There is literature indicating that preTx IVIG may help to decrease PRA in some, but not all patients.7,14,23,28 MMF has also been used to decrease PRA.7,14 Our attempts to reduce circulating antibodies in 5 patients, though successful from a quantitative perspective (Table 5), have not reduced the occurrence of rejection after transplant. It is noteworthy that the PRA is a measurement of the breadth and not the depth of antibody. The use of plasmapheresis and IVIG likely impacted on the depth without affecting breadth (hence, although some patients did not have a large change in percentage PRA, that does not mean antibody quantity was not reduced). Moreover, whereas the degree of antibody reduction after IVIG has been shown to be time-dependent with maximal reduction at 1 week after treatment,21 higher doses have been shown to have a more permanent effect on antibody reduction, and continued use after transplant might be effective because of its potent antiinflammatory effect where antibody-mediated mechanisms are present.28 Nonetheless, even with pretreatment, continuing interventions after transplantation are clearly required to control rebound B-cell and plasma cell activity to prevent AMR as has been reported by others.23 Based on these results, listing for transplantation should not be delayed in the expectation that pretreatment will decrease PRAs, nor that it will reduce incidence of early humoral rejection; rather, patients can be effectively managed with B-cell therapeutic treatment strategies.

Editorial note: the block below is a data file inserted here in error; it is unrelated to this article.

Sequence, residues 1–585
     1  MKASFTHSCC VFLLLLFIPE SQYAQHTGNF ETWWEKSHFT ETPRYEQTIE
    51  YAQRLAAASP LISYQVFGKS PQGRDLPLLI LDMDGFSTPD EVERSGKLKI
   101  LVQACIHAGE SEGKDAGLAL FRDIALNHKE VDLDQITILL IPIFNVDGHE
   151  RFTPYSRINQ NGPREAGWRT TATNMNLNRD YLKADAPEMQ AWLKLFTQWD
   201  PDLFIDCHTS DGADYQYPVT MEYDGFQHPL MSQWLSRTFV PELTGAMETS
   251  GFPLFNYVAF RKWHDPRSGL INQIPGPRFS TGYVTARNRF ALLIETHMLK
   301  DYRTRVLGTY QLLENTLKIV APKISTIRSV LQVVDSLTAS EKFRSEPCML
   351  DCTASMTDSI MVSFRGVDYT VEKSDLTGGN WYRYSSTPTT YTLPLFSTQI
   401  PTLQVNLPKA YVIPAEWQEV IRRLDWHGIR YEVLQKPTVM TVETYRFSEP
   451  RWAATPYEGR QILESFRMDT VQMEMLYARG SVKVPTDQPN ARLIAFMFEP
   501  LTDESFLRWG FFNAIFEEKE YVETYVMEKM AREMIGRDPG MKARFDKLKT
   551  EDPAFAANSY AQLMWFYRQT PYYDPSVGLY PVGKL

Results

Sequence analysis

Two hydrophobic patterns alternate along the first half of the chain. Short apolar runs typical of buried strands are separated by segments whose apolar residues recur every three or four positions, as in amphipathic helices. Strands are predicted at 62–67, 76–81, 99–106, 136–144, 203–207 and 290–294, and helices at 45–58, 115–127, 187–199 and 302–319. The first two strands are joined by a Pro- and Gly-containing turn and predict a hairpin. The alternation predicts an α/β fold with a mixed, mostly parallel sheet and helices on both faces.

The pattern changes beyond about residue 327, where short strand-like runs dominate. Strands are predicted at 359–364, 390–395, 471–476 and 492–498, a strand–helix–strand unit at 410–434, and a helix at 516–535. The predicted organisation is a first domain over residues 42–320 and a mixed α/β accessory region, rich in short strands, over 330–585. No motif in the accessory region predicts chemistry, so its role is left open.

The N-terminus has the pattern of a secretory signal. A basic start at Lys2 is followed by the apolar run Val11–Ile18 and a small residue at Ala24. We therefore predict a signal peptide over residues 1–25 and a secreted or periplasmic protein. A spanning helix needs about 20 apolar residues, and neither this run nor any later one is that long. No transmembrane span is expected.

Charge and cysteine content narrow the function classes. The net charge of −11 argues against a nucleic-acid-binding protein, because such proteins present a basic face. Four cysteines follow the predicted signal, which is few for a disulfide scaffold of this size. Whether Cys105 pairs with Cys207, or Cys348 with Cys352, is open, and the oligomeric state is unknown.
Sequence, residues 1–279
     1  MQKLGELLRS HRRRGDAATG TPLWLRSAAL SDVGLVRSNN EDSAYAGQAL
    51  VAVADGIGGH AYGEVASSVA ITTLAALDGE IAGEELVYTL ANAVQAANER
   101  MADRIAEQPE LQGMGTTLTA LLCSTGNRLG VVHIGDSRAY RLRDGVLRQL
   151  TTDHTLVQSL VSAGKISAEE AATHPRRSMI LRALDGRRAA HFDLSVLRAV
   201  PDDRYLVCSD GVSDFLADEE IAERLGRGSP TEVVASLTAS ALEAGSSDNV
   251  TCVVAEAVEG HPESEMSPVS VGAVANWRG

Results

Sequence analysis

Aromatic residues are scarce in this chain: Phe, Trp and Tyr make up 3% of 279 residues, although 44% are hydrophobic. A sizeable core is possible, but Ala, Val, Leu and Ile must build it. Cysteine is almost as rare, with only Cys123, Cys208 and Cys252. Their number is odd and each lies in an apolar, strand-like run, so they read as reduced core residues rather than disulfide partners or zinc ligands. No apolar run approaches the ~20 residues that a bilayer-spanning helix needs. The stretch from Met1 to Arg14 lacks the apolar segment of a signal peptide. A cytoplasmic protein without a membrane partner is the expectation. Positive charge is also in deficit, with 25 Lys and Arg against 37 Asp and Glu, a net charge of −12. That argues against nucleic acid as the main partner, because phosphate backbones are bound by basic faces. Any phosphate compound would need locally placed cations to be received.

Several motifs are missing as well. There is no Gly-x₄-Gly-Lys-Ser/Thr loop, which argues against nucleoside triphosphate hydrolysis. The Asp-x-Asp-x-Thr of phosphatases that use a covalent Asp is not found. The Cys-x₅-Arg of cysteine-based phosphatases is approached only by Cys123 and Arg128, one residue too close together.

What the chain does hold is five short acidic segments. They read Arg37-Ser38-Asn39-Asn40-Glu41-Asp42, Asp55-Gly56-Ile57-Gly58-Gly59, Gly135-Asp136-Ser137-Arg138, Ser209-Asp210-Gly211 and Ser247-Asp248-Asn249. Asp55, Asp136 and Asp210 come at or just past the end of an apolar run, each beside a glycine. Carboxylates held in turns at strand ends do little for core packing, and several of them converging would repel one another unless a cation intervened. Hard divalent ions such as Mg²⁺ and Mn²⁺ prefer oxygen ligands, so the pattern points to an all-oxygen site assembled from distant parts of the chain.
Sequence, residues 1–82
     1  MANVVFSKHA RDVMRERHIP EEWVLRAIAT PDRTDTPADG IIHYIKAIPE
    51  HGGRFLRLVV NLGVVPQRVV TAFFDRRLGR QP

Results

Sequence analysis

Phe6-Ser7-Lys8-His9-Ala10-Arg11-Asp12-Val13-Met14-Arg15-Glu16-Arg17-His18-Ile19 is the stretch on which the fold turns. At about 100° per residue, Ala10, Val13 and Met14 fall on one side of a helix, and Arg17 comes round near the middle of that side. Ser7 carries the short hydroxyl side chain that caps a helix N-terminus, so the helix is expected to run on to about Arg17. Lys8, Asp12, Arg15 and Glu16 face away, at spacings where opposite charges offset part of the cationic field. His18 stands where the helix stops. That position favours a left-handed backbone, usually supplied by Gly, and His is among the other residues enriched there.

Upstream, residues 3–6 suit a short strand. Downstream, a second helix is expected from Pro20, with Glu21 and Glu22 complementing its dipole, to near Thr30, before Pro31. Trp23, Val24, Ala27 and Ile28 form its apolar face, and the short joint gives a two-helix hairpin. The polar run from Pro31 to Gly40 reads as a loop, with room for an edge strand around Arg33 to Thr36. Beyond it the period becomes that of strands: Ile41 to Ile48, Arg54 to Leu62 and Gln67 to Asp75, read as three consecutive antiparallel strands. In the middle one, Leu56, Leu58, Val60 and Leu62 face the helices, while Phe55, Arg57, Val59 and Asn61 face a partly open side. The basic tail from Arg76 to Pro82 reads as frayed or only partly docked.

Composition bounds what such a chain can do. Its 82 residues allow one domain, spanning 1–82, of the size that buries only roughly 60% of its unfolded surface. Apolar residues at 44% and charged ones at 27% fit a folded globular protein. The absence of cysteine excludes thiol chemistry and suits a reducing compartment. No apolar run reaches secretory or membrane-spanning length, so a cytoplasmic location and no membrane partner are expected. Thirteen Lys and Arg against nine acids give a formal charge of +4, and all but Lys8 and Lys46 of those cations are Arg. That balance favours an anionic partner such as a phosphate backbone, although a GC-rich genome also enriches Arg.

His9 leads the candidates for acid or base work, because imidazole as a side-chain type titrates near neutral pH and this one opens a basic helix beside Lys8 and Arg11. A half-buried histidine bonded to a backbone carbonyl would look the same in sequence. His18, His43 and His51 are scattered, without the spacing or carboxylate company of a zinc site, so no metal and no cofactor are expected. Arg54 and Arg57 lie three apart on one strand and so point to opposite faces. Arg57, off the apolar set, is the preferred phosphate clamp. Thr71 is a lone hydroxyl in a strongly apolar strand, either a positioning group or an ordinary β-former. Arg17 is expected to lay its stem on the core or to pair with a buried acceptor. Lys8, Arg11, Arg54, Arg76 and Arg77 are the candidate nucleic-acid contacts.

Recent reports has shown that rituximab treatment before transplant may help to decrease circulating preformed cytotoxic antibodies.1,23 Given our positive experience with rituximab initially on detection of AMR and, most recently in a preemptive manner perioperatively in sensitized patients, the move to pretreatment is the next logical step programmatically.
Di Filippo and colleagues27 reported on the impact of ELISA-detected anti-HLA antibodies on cardiac allograft outcome in 45 pediatric patients (22/45 had pre- or post-HTx anti-HLA antibodies) and found that presensitization was more frequent in rejectors (ACR) in the first year post-HTx.18,27 We also found ACR and AMR to be a common problem early post-transplant in our patient population despite aggressive therapy. However, the majority of cases of early AMR and ACR were controlled with intensive immune modulation, and by 6 months post-HTx all cases had resolved. Moreover, these patients were able to wean from extensive B-cell directed therapies and were maintained by standard immunosuppressive regimens (eg, tacrolimus, MMF) similar to our nonsensitized patients. Interestingly, as stated, AMR has not been detected in follow-up despite the documented return of donor-specific anti-HLA antibodies. Whether this reflects some form of graft accommodation is unclear at the present time.